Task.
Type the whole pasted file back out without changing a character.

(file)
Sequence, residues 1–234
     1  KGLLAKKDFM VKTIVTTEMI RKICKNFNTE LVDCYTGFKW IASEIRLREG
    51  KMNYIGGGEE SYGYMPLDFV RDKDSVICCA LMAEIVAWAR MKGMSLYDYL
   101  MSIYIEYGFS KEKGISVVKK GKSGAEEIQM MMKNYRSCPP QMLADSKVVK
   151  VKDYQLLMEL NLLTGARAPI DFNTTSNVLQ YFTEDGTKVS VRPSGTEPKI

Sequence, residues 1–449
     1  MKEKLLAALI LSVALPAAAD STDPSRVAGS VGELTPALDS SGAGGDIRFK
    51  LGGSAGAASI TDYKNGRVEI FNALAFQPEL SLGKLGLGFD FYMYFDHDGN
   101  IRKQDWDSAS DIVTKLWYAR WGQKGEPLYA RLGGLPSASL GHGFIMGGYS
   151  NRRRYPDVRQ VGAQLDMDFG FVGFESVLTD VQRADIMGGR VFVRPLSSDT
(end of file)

Sequence, residues 1–234
     1  KGLLAKKDFM VKTIVTTEMI RKICKNFNTE LVDCYTGFKW IASEIRLREG
    51  KMNYIGGGEE SYGYMPLDFV RDKDSVICCA LMAEIVAWAR MKGMSLYDYL
   101  MSIYIEYGFS KEKGISVVKK GKSGAEEIQM MMKNYRSCPP QMLADSKVVK
   151  VKDYQLLMEL NLLTGARAPI DFNTTSNVLQ YFTEDGTKVS VRPSGTEPKI

Sequence, residues 1–449
     1  MKEKLLAALI LSVALPAAAD STDPSRVAGS VGELTPALDS SGAGGDIRFK
    51  LGGSAGAASI TDYKNGRVEI FNALAFQPEL SLGKLGLGFD FYMYFDHDGN
   101  IRKQDWDSAS DIVTKLWYAR WGQKGEPLYA RLGGLPSASL GHGFIMGGYS
   151  NRRRYPDVRQ VGAQLDMDFG FVGFESVLTD VQRADIMGGR VFVRPLSSDT